Twenty-Five Astronomical Observations That Changed the World

And How To Make Them Yourself


"Twenty-Five Astronomical Observations That Changed the World" takes twenty-five journeys through space, back in time and into human history. We begin with the simplest sight of the Tycho Crater on the Moon, through a repeat of Galileo's observations of Jupiter's moons, and then move out towards the nebulae, stars, and galaxies. The astronomical observations repeat the original groundbreaking discoveries that have changed our understanding of science and ourselves.

This title contains graded observing challenges from the straightforward to the more difficult (in chapter order). It offers clear observing tips and lots of practical help, presuming no prior in-depth knowledge of equipment. Binoculars and/or a small astronomical telescope are all that is required for most of the observations.

Secondly, it explores for each observation the science of what is seen, adding to the knowledge and enjoyment of amateur astronomers and offering lots of reading for the cloudy nights when there is not a star in view.

Thirdly, the book puts the amateur astronomers' observations into a wider perspective. "Twenty-Five Astronomical Observations That Changed the World" makes the observer part of that great story of discovery.

Each chapter, each observing challenge, shows how to observe and then how to look with understanding. The projects begin with practicalities: where the object is, how best is it observed and with what appropriate equipment (usually a small-to-medium aperture amateur telescope, binoculars, even the naked eye).

"Twenty-Five Astronomical Observations that Changed the World" guides even the inexperienced amateur astronomer - beginners can use the book - around a variety of night-sky objects, and reminds the more experienced how they can best be seen. These practical observations put us in contact with all the history and culture surrounding them: through scientific speculation and literature to those first fuzzy images made in 1959 by the Russian space probe Luna 3.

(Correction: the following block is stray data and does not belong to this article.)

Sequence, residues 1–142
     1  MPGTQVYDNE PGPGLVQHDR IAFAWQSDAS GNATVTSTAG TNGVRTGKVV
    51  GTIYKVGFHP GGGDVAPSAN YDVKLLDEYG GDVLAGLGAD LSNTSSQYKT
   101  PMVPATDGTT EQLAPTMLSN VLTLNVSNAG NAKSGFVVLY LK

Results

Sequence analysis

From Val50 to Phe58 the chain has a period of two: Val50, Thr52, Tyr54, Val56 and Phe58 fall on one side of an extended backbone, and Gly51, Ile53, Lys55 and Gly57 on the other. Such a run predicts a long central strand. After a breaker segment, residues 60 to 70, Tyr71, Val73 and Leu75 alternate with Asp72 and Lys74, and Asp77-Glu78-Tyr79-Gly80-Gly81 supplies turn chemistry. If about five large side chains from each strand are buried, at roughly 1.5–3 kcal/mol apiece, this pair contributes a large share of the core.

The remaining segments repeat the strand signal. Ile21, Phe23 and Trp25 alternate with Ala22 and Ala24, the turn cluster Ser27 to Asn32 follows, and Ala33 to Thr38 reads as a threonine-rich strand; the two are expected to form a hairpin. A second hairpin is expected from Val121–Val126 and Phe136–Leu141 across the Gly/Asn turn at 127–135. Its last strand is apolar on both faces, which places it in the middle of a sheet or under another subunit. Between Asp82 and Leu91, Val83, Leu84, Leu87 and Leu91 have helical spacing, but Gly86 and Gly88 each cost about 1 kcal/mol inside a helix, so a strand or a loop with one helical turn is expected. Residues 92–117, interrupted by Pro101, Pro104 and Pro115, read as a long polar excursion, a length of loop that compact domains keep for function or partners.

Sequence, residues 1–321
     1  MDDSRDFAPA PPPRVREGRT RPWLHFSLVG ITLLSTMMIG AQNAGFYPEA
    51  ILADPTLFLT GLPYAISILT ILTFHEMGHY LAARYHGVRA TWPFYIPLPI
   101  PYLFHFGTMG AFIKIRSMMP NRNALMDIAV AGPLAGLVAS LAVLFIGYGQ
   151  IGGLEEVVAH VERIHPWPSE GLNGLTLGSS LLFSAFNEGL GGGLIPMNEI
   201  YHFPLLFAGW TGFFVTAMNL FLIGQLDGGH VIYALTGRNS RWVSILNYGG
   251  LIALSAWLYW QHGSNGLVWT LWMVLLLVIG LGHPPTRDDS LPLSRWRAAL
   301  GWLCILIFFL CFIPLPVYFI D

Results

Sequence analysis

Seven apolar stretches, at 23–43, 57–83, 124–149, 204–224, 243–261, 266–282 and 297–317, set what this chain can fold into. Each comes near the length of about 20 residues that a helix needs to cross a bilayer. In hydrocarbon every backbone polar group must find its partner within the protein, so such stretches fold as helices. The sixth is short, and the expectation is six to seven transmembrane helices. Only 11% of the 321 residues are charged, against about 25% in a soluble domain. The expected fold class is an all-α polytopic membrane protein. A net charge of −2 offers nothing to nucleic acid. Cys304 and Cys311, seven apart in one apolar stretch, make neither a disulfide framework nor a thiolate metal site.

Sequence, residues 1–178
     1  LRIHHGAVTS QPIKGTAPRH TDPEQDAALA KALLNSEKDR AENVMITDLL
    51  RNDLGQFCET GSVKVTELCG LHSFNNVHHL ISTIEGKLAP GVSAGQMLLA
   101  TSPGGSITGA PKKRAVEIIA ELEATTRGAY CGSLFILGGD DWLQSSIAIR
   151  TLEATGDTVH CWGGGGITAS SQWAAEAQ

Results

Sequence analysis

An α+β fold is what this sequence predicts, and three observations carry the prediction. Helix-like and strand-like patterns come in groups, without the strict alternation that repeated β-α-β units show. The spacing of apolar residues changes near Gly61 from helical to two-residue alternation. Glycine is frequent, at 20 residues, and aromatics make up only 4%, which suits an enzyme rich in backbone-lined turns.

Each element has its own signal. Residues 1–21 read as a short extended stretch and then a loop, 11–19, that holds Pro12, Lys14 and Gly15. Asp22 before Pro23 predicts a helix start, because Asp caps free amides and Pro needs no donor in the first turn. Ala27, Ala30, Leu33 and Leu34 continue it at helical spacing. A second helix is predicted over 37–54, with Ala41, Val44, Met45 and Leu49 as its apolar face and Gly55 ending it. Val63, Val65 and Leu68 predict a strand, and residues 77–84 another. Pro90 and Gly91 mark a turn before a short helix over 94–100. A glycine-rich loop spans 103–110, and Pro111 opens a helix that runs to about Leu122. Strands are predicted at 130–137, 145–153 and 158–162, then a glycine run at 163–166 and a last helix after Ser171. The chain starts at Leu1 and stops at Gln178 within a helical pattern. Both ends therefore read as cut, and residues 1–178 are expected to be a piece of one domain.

• Springer New York; June 2013
  • ISBN 9781461468004
  • Read online, or download in secure PDF format
  • Title: Twenty-Five Astronomical Observations That Changed the World
  • Author: Michael Marett-Crosby
  • Imprint: Springer

In The Press

“This book shows how not everything has been so throughout the history of astronomy, and how observations of some objects and details on them have changed the way that humankind views the Universe or their place in it. … I found that it is an excellent book … . I think it's a better first books for observations than any big atlas or guide to specific types of objects. Perfect book to accompany a first telescope.” (, December, 2016) 

“This book may provide an incentive for some undergraduate students and general readers to observe objects that they might not otherwise consider. Marett-Crosby, an amateur astronomer in the UK, places many of the historical observations in context. … useful for novice astronomical observers. Summing Up: Recommended. … Lower-division undergraduates and general readers.” (J. R. Kraus, Choice, Vol. 51 (7), March, 2014)

About The Author

Dr. Marett-Crosby obtained both an MA and PhD from the university of Oxford. After working as a pastoral counselor in academia and in the UK prison service (as a counselor and educator), he became, in 2005, a full-time writer working from his home on the channel island of Jersey. His published books include The Conversion of England (Abbey Press 1998);  the majority of Doing Business with Benedict (Continuum 2002). His most recent project is a novel, Two Thirds Man, which is currently with agents. Parts of this novel have already won national short story prizes. He speaks and writes on astronomical subjects, and believes practical astronomy is important in building bridges between science and the liberal arts. 

A lifelong student of astronomy, he has been an enthusiastic amateur astronomer for most of his life, and is fortunate to be able to view the night sky from the enviable viewpoint of the UK’s southernmost outpost.